Antarctic low brings storms and sharp cold snap to parts of Australia

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A sharp cold snap is expected across eastern Australia later this week as warm, humid, springtime weather with showers gives way to a winterlike Antarctic low and real, bitterly wintry cold weather. 

The thunderstorm risk is expected first, extending through parts of most States of the eastern half of Australia during the coming days.

“It’s a very humid airmass that’s developing across the east, as it taps into tropical moisture that builds up across northern Australia at this time of year and gets transported towards the south,” said BOM’s Senior Meteorologist Dr. Adam Morgan.

“These cold fronts in the Southern Ocean will then push… they’ll squeeze that moisture out as they push further east, and that will trigger those showers and thunderstorms. Later on Monday, November 19, the first of those fronts will move into South Australia. We can see that sharp temperature change across the front already, pushing into the mid-30s to the east and dropping back to the low 20s [°C / 68 °F] further west.”

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The storms will extend into areas of southern NT, New South Wales, Victoria, and also Bass Strait on Tuesday, November 20.

“There’s a risk that some storms along the trough will be severe, with damaging winds, and with all of that moisture being squeezed we could a see the chance of heavy rainfall as well,” Morgan said.

Some heavier rain may fall on parts of northern Tasmania on Wednesday, November 21. The main storm area will move into northern New South Wales during the afternoon hours, and then into inland Queensland and central parts of the Territory as well.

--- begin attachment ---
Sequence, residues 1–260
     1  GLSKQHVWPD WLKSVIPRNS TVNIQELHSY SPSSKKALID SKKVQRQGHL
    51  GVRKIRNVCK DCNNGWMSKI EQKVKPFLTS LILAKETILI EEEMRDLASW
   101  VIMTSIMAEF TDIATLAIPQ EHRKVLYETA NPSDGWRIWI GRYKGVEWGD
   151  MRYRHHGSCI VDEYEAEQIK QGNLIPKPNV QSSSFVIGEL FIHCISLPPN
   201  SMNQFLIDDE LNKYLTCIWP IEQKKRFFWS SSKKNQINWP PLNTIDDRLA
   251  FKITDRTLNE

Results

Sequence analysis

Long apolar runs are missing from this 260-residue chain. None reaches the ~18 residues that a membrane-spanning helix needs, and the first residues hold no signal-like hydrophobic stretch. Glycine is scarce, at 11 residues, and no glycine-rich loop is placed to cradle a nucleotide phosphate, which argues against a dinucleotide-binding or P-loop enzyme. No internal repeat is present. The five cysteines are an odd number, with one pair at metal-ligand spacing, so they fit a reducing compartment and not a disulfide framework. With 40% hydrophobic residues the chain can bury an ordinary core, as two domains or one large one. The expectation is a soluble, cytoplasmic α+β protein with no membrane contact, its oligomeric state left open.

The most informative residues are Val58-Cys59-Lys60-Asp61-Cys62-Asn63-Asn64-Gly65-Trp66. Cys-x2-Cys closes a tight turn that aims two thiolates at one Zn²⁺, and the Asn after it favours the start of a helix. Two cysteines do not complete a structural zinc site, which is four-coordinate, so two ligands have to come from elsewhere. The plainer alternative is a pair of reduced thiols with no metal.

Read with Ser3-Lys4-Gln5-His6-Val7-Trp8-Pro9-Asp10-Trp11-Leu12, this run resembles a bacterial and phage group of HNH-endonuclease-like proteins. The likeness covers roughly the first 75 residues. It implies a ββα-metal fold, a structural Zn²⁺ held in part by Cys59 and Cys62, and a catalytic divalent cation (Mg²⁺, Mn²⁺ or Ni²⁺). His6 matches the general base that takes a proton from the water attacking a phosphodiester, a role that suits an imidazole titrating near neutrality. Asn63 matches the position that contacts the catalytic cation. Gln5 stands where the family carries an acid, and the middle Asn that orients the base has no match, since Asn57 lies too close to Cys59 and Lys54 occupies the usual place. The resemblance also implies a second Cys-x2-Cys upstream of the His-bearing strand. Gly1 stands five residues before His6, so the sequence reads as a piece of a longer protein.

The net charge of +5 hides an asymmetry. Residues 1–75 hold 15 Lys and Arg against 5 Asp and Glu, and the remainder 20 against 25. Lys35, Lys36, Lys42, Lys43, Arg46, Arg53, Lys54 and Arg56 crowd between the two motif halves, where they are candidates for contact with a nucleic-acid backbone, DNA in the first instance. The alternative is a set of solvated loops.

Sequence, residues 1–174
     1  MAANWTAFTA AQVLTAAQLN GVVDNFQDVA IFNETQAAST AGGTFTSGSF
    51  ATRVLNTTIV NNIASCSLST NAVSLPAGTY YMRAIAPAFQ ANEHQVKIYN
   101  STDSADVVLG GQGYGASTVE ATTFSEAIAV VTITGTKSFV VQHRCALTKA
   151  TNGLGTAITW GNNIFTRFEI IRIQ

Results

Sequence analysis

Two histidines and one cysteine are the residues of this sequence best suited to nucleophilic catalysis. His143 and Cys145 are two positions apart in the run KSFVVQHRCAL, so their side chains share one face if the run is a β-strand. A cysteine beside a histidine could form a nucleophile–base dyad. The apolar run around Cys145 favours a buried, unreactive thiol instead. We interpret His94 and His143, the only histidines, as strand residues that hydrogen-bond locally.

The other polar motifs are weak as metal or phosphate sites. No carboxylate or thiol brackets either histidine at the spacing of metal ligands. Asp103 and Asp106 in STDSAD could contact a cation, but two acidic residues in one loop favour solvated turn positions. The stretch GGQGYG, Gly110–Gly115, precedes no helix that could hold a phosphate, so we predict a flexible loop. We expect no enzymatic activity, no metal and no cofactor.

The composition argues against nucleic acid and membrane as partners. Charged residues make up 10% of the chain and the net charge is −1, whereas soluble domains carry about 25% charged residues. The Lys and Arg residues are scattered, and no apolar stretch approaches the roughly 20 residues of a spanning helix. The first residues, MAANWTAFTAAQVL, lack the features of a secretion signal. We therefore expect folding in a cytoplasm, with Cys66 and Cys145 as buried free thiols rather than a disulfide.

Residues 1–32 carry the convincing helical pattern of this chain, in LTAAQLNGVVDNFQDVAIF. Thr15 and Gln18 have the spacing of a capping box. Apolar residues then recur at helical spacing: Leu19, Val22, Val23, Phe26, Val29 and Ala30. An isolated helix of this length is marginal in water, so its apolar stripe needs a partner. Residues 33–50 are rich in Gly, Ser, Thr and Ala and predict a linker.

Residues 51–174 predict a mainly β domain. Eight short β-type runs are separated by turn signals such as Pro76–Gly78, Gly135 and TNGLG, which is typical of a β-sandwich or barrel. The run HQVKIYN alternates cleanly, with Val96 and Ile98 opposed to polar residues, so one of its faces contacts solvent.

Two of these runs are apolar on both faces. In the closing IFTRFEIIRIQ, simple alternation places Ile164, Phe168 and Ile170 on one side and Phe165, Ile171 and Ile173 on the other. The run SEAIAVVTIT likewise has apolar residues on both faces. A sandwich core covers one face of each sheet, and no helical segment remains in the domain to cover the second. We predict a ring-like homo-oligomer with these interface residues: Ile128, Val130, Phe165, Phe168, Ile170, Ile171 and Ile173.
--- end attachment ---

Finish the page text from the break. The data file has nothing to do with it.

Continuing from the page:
“While any rainfall will be welcome in regions affected by drought, thunderstorms are always hit-and-miss in nature,” Morgan said. “So, while some places might see a good drop, others will see very little.”

The cold front will move in on Wednesday and Thursday, November 21 and 22.

“The system is forecast to produce widespread strong to damaging winds up to 120 km/h (75 mph) across Southern and South East districts including Adelaide during Wednesday. These winds are also forecast to whip up huge waves to 7 m (23 feet) in open waters and around 4 m (13 feet) along the Southern coast,” Jeff Higgins of the Higgins Storm Chasing writes.

“Thunderstorms with hail are forecast for Adelaide with activity likely to spread across the South East quarter of the state as the low passes through. Very cold maximum temperatures are forecast on Wednesday and Thursday as the polar airmass surges up from the South West. Adelaide is going for a top of just 18 °C (64 °F) which is half of what it was on Monday. The lowest maximum temperature recorded in Adelaide during November since 1839 is 13.4 °C (55.4 °F) which could be challenged!” 

“This air mass does look cold enough for some snow across the Alps as well,” Morgan said, adding that these weather systems are generally quite difficult to forecast this far away.

“We’ll get a much better idea as we get closer to the time, during the week.”

Featured image credit: BOM. Edit: TW

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